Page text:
Yesterday was Eid ul Adha, and I kept thinking to myself, I can’t wait to get back to work.

And I started asking myself if I’m a workaholic, and then I thought, nah! A workaholic would get more done.

I’m only partly kidding.

I’m at that stuck stage of a project.

I began working on this new novel idea and there were parts that I was quite happy with, and then all of a sudden, I stalled.

So I decided to approach the story from a different angle, and I was humming along and there were parts I was quite happy with and then again, I stalled.

I was trying to be disciplined, butt in chair kind of thing, but what do you do when it’s just not coming?

And then I asked myself the scary question: “Do I really want to write this story?”

It’s a tough one, because it’s a good story.

And I know I should write this story.

And I know it’s a really good idea.

But I feel like I’m just tired.

I’m pretty much exhausted.

And it doesn’t help to see all the stuff going on in the world.

I spent a lot of last week supporting the struggle of the native community against the Dakota Access pipeline that was threatening to snake across sacred burial grounds and under the Missouri river.

If it burst it could poison the water supply of eighteen million people who counted on that water for their daily survival.

Originally the pipeline was supposed to cross near Bismarck, North Dakota but the people said, “Not in my backyard.” So they decided to put it on native land.

And so native communities gathered like they’ve seldom gathered to fight this.

And I couldn’t help asking myself, ‘Why should that even be an issue?’

It’s violating their treaties, again.

When I read Bury My Heart at Wounded Knee, I kept getting appalled at the callousness of the people in the 1800’s. How could they treat the natives like this? And then when they’d decimated them, they wrote stories about the ‘noble’ savage, and sympathized with their plight and all that kind of baloney, while in fact, they were supporting politicians and policies that continued the carnage.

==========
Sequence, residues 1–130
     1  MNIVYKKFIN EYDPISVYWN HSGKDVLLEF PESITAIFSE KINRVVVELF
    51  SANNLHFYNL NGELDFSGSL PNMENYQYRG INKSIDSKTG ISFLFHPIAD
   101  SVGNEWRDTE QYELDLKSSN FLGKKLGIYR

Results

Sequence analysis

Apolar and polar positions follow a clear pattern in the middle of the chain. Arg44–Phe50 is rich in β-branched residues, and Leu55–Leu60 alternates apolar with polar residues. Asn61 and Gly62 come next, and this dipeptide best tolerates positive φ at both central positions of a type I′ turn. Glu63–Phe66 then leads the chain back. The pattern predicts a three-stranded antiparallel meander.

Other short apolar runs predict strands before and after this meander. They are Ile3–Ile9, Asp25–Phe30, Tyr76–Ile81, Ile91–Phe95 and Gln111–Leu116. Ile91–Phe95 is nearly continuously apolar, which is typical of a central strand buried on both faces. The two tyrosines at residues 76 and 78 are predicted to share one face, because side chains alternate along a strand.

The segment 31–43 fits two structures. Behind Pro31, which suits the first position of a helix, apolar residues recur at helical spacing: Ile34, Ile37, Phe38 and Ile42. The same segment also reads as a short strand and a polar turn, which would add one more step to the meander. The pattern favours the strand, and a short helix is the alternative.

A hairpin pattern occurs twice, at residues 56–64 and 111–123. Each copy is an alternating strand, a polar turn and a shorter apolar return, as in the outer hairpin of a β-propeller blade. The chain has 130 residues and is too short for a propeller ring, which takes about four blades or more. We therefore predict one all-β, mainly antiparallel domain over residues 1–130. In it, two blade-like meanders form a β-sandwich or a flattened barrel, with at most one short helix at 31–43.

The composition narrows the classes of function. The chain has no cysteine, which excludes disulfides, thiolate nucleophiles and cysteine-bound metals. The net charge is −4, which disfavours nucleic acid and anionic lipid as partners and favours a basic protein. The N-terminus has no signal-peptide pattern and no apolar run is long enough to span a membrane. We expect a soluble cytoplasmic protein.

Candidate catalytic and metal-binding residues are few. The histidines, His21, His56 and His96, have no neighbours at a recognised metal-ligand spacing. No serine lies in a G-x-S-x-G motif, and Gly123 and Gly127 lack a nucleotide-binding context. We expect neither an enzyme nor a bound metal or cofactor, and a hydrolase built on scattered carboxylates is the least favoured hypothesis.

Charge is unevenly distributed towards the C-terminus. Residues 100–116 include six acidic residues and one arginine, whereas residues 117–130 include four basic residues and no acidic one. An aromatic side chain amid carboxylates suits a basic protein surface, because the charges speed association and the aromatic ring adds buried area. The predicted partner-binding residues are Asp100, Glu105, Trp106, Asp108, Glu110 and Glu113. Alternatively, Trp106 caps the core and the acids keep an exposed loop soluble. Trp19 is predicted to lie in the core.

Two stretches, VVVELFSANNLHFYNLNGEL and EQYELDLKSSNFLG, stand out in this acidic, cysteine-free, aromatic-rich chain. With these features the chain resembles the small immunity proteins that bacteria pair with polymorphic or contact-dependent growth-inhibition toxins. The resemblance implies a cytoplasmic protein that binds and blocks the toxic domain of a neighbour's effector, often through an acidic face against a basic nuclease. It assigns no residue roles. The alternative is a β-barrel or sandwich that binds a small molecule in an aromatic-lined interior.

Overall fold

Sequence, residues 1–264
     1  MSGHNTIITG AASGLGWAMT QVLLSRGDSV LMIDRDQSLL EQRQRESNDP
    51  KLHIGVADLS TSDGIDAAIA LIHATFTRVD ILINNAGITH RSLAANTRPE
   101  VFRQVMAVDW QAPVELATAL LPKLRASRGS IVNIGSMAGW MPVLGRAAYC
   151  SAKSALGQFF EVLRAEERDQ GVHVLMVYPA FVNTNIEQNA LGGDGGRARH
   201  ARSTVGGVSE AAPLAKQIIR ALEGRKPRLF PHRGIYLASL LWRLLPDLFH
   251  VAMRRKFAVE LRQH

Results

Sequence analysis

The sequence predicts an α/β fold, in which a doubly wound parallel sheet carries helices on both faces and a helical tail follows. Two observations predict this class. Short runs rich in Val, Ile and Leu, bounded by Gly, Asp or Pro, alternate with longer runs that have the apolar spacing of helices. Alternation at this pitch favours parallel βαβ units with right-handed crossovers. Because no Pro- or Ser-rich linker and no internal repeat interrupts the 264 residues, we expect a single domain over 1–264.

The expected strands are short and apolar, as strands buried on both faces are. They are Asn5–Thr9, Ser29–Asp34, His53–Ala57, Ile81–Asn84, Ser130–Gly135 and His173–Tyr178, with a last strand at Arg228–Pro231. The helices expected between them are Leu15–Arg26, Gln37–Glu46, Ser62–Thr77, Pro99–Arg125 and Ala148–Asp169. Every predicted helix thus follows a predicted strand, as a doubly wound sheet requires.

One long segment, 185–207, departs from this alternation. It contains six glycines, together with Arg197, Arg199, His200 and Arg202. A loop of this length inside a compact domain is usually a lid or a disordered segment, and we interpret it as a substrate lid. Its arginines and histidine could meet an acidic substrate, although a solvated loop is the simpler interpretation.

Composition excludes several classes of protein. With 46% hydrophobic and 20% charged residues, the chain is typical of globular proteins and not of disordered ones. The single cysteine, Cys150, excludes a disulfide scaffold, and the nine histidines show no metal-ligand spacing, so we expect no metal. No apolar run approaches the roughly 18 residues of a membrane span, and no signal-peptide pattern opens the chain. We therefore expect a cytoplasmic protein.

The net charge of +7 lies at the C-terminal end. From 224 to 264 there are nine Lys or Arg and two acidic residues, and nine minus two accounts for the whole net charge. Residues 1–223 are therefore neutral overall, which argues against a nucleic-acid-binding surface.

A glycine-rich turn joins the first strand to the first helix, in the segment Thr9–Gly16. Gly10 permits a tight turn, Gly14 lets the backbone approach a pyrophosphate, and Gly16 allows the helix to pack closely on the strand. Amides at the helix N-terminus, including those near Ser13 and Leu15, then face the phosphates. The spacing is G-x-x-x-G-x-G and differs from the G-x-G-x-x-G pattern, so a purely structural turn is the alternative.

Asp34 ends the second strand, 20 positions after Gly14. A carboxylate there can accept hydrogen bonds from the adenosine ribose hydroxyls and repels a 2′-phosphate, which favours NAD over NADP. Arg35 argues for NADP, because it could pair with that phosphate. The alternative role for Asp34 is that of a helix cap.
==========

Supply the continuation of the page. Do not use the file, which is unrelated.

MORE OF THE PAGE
And when it’s pointed out to them, people nowadays complain about being held accountable for things that happened before they were born.

Yeah, but they’re happening now too, and what are you doing about it?

The apathy is astounding.

And people might wonder why me, a Pakistani Canadian would care what happens to the Native community, and the answer is simple, it’s because it’s about domination, and injustice. Once America was finished dominating the west, and the natives, they moved on to other countries. They put their military bases all over the world, made promises to help regimes maintain order, and basically have manipulated the entire world so that their own people would benefit. They have created so much anarchy and bloodshed, just to keep the people they can control in power. Back in the eighteen hundreds it was in the name of manifest destiny, now it’s in the name of democracy, but when people they don’t like win a democratic election, they quickly barge in and create chaos ie. Iran, Algeria, Palestine.

And it makes me realize that we’re really not much better than animals. Animals have to fight for their survival.

If they don’t they’ll get eaten. Simple as that.

Look at Tibet and the Dalai Lama. They were taken over by China and they’ve been peacefully protesting for years, he’s been in exile for years and nothing ever happens to rectify the injustice.

People complain when the oppressed fight back, but would they lie down and allow the oppressors to roll over them if they were in that situation?

If they’re being oppressed they are not expected to take it. They expect the world to care, and it does.

Oh dear, this is becoming such a depressing post.

I didn’t mean it to be.

Take a deep breath.

And carry on.